The brick used to make most consumer kilns is fragile. It is made by mixing refractory materials with wood pulp and then firing it to burn out the wood pulp. Air is the best insulator so all the little pockets left behind help your kiln retain heat and make the kiln much lighter.
Unfortunately this process weakens the breaking strength of the brick so odds are you will occasionally chip your brick. This normally happens when you are loading shelves and ware into your kiln.
Most chips and dings will not affect the performance of your brick. The areas that will need attention are your lid, element grooves and slabs (kiln floor). It is very difficult to patch brick in areas where gravity is working against you such as sidewalls and the underside of your lid.
Most manufacturers coat their lids with refractory cement designed to seal the brick so bits of brick dust do not fall into your ware during the firing. Sometimes trying to patch the underside of your kiln can actually create more problems if the patch does not hold. Since many lids are coated on both sides it is often possible to remove the lid hardware and flip the lid over.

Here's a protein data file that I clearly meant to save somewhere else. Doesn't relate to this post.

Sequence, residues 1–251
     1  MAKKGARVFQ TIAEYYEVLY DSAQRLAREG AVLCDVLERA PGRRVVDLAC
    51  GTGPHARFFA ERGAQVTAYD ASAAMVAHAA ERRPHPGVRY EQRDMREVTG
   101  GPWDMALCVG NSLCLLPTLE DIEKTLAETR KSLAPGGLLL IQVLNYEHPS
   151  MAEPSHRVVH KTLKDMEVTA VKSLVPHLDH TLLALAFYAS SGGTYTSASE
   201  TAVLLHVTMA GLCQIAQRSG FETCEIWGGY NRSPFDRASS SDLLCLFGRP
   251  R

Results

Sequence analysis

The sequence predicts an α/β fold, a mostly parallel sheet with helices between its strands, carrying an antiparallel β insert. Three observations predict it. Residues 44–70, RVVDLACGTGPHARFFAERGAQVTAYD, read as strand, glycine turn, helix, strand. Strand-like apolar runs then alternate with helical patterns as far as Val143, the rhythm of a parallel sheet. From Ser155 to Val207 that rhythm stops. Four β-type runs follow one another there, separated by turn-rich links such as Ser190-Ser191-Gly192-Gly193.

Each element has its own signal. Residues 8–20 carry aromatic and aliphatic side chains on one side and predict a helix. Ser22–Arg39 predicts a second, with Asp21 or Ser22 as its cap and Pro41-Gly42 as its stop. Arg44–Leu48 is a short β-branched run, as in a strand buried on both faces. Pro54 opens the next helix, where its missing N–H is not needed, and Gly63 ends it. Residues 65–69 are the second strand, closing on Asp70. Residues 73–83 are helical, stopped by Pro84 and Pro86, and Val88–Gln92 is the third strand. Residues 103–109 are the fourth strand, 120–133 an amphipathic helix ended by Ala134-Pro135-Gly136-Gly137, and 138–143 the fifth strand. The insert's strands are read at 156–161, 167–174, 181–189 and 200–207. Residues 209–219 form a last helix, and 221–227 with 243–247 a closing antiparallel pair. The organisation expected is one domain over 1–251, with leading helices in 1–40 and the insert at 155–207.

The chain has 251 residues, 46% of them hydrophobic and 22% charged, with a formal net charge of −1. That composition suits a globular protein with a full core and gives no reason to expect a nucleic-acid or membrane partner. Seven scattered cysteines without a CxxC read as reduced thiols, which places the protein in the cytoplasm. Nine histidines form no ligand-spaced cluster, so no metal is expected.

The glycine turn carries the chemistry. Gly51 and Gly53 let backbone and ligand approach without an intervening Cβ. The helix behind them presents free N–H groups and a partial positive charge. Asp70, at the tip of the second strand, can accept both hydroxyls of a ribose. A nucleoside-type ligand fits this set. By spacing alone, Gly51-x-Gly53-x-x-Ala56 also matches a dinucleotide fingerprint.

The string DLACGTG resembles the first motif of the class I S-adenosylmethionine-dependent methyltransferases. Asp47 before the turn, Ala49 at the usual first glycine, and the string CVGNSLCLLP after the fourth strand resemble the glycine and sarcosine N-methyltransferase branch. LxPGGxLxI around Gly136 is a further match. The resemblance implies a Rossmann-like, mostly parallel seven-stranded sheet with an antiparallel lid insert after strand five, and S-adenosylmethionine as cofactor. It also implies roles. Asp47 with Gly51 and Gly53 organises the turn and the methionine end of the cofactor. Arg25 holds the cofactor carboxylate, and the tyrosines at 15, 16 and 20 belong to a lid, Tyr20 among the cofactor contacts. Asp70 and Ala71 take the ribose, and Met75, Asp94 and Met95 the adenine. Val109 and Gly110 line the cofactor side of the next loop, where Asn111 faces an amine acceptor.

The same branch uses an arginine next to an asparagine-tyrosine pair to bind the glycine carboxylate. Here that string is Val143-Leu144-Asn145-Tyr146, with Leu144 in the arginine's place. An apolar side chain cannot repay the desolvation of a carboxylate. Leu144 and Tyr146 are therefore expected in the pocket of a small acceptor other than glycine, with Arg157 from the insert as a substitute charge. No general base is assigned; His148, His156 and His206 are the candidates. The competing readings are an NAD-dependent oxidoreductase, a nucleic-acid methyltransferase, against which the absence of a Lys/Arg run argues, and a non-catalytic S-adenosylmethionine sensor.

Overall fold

The element grooves are designed to hold the element in place so it does not want to droop down when the element heats up and softens. If you break out an element groove usually the best thing to do is go ahead and replace the brick. Often times kiln owners will postpone brick replacement until they are ready to replace their elements. A good way to hold the element in during this period is to form a little fence using element pins. This is definitely a temporary fix but it can usually get you by until you are ready to replace elements.
The floor of your kiln can get worn of time. Small bits of melted glaze or glass may need to be chipped out leaving chunks missing that can affect the stability of your shelf posts. This is one area where patching can be very effective. Most kiln manufactures make a kiln patch using a binder with brick dust. Just use a spackling knife to apply the patch and let it dry before you fire the kiln.
The process recommended for replacing brick will vary between manufacturers. The brick will also vary since most manufacturers groove and cut them differently. You will also notice that brick types within the same model will vary. Check with your supplier or manufacturer to verify the brick you will need.